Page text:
Despite its noticeable lack of a statewide lottery and few commercial casinos, Alabama or the Yellowhammer State as it’s also known, has a booming real money poker and gambling industry. Plus, in May 2015 Alabama government got a lot friendlier with the idea of regulated gambling; a new bill to bring casino games to the state’s racetracks and launch a state lottery was passed by a committee.
The loosening up of Alabama gambling law also takes the state a step closer to regulating online poker. With Alabama government looking to fill a hole in their budget, they’re seriously weighing up the potential online poker and general gambling revenues that they’re currently missing out on.
Back in 2011, the gambling industry in Alabama generated 25 percent more tax revenue than the year before – the largest percentage legal betting revenue gain in the United States. Alabama is still one of the top five states for gambling revenues.
The state’s sudden explosion onto the gambling scene can be directly attributed to the aggression of the state’s only tribal faction, the Poarch Creek tribe. But is the tribe’s increased presence in Alabama’s real cash gambling scene enough to encourage state legislators to abandon their anti-gambling stance and consider an online gambling bill? Well, maybe.
The prospect of regulated iGaming and online poker coming to Alabama this year is a longshot, but once the foundations of a regulated, commercial gambling industry are there, legal online poker becomes a whole heap more likely.
If you’re from The Yellowhammer state and you’re feeling sure of your skill, you might like to try some of our top-rated real money poker sites for 2019.
The Poarch Creek Tribe VS Regulated Commercial Gambling
- 1 The Poarch Creek Tribe VS Regulated Commercial Gambling
- 2 Can Players from Alabama Play Online Poker?
- 3 Is Online Poker Legal in Alabama?
- 4 The Facts
- 5 The Bottom Line
- 6 References
In 2009, they opened the Wind Creek Casino and Hotel, a destination resort featuring over 1,600 electronic real money gaming machines, and a 160,000 square foot hotel. Then in 2014 they opened a brand new hotel and casino with over 250 rooms and a giant shark tank in the lobby.
Now, in 2019 the Poarch Creek tribe are freaking out about the idea of legalized commercial gambling in the state and a potentially regulated online poker industry. That’s because they’d like to protect their profits and don’t want to lose their complete dominance of the gambling market in Alabama.
In a desperate (and pretty clever) attempt to stop the Alabama government turning to regulated commercial gambling to fill the gap in the state budget, the tribe has put a deal forward. They’re saying, let’s create a pact together between the tribe and the government, which declares that the tribe are the only people allowed to offer regulated gambling in Alabama.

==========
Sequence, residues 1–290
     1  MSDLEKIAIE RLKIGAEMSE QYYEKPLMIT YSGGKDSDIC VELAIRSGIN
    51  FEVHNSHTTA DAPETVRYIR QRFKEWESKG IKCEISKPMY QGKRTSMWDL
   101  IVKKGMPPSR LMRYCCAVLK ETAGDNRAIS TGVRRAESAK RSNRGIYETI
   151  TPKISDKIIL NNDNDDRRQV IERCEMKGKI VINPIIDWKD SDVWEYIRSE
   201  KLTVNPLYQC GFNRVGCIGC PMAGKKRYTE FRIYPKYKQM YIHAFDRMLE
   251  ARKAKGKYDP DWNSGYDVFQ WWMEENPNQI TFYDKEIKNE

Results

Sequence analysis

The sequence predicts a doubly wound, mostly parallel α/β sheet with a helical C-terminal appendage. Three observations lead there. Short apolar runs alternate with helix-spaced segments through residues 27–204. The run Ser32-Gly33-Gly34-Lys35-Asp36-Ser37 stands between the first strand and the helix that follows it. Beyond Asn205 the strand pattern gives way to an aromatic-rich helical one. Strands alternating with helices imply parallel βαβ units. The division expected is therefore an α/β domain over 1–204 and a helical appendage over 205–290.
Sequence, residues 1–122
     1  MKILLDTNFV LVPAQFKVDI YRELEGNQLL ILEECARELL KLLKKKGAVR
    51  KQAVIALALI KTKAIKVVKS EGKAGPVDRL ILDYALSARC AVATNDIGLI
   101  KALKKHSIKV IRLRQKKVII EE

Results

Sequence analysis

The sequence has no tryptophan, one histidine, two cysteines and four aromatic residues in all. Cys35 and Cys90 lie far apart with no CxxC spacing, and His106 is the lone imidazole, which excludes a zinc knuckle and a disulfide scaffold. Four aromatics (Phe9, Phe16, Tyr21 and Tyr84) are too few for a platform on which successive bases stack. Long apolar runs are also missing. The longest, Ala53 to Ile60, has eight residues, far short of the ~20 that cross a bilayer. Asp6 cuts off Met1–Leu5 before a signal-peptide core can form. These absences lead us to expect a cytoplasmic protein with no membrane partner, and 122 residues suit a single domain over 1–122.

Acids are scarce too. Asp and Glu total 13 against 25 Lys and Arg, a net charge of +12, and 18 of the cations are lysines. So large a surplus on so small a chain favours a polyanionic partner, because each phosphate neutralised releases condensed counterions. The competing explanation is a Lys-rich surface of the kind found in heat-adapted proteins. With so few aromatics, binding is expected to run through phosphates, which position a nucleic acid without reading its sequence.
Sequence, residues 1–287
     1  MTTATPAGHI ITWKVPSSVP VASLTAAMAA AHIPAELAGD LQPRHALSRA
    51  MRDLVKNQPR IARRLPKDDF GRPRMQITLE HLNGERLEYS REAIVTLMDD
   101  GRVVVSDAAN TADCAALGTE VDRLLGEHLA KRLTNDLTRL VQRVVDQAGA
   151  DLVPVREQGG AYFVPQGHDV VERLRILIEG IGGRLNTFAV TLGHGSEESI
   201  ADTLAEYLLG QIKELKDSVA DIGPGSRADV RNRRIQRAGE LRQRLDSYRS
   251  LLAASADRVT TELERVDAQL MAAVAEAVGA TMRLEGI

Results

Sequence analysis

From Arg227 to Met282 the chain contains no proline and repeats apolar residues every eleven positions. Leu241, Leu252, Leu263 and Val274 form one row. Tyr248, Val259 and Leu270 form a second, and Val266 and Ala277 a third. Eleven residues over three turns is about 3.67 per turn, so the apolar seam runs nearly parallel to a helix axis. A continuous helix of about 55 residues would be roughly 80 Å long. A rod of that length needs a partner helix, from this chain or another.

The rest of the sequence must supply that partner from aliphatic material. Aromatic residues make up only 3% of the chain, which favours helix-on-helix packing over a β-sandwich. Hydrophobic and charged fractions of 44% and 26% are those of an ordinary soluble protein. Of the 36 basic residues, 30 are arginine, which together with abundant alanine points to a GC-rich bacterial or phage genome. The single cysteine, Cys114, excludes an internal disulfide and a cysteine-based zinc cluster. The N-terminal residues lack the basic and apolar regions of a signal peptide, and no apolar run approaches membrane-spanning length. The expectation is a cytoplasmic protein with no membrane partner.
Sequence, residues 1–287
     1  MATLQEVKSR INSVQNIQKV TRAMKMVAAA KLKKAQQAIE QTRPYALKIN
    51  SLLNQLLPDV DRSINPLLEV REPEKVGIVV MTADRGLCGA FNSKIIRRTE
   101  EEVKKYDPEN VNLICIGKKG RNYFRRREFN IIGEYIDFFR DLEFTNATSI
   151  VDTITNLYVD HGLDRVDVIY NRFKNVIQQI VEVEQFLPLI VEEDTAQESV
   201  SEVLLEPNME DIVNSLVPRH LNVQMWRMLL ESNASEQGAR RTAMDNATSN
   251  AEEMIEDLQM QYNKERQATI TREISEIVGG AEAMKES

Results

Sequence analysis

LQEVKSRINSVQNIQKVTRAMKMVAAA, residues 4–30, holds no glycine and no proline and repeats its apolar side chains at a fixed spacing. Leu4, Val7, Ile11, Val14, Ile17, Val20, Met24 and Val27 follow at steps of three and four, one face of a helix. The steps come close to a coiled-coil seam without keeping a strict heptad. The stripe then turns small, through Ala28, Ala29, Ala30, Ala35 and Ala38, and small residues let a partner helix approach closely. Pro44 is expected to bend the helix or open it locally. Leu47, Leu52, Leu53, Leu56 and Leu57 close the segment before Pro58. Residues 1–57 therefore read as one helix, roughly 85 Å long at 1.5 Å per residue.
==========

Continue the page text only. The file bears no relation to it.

These kinds of deals aren’t unusual but what’s different about this one is that the tribe are offering to pay the government one massive lump sum of over $250 million to cover the next five years, rather than $50 million each year. Because Alabama’s running out of money, this deal obviously seems appealing to state senators.
Can Players from Alabama Play Online Poker?
Yes, you sure can.
Alabama state officials tolerate the presence of tribal casinos not by choice, but by federal mandate. In reality, Alabama is a highly traditional state, historically opposed to gambling in most forms, including real cash poker.
Yet, despite its conservative stance, Alabama does not prevent its residents from playing for real money at online poker websites in 2019. Actually, almost all the US Internet poker sites on our homepage are more than willing to accept real poker players from the Yellowhammer State.
Just create an account with one of our many recommended poker websites, and you too can be gambling real money on the Internet from the comfort of your own home in The Heart of Dixie, Alabama.
Is Online Poker Legal in Alabama?
The truth is Alabama’s gambling laws are old and out-dated, as well as being massively vague. Right now in 2019 the laws just aren’t specific or modern enough to completely and clearly define Internet poker as illegal.
Plus, never in the history of AL State has someone faced a criminal charge for merely playing online at poker websites.
Instead, it seems Alabama state officials are more concerned with those operating an illegal gambling ring, and not those gambling real money on Internet poker tables in 2019.
Still, Alabama residents are best advised to seek legal advice before creating an account at US-facing online poker websites, if only to gain a better understanding of AL state’s gambling rules and regulations. For now, the following summary of the law should provide you with some insight into real money Texas Hold’em and other legit Internet poker games for 2019:
Real cash gambling, as well as other terms related to gambling, are clearly defined by Alabama state law. By definition, a person engages in gambling if he/she stakes or risks something of value upon the outcome of a contest of chance or a future contingent event not under his/her control or influence, upon an agreement or understanding that he/she or someone else will receive something of value in the event of a certain outcome.
Note that the definition only applies to games of chance. Thus, real money poker players in The Heart of Dixie could conceivably make an argument that they are not engaging in gambling activity by playing online poker in 2015, by definition of the law.
However, way back in 2007 Alabama Justice James Gregory Shaw stated that an offline and Internet poker player’s understanding of the rules or the laws of probability relating to a game of chance does not change the fact that he is playing a game of chance.  His statement implies that Texas Hold’em poker would in fact be considered a game of chance and thus would fall under the Alabama state’s blanket definition of gambling.